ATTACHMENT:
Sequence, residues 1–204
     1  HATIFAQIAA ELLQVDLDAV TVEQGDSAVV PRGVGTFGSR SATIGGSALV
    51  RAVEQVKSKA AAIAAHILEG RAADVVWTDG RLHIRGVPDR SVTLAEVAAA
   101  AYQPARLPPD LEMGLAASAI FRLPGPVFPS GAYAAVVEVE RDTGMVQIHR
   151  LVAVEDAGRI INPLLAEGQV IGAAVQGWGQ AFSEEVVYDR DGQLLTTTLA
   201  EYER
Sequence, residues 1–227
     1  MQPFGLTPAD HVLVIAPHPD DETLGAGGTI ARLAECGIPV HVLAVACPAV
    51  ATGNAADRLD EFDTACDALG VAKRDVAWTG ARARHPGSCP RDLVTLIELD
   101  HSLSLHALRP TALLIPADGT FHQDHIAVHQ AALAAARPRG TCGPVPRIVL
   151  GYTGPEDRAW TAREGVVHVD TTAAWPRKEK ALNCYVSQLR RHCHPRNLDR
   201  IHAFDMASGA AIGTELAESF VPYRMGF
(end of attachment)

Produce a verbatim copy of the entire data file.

Sequence, residues 1–204
     1  HATIFAQIAA ELLQVDLDAV TVEQGDSAVV PRGVGTFGSR SATIGGSALV
    51  RAVEQVKSKA AAIAAHILEG RAADVVWTDG RLHIRGVPDR SVTLAEVAAA
   101  AYQPARLPPD LEMGLAASAI FRLPGPVFPS GAYAAVVEVE RDTGMVQIHR
   151  LVAVEDAGRI INPLLAEGQV IGAAVQGWGQ AFSEEVVYDR DGQLLTTTLA
   201  EYER
Sequence, residues 1–227
     1  MQPFGLTPAD HVLVIAPHPD DETLGAGGTI ARLAECGIPV HVLAVACPAV
    51  ATGNAADRLD EFDTACDALG VAKRDVAWTG ARARHPGSCP RDLVTLIELD
   101  HSLSLHALRP TALLIPADGT FHQDHIAVHQ AALAAARPRG TCGPVPRIVL
   151  GYTGPEDRAW TAREGVVHVD TTAAWPRKEK ALNCYVSQLR RHCHPRNLDR
   201  IHAFDMASGA AIGTELAESF VPYRMGF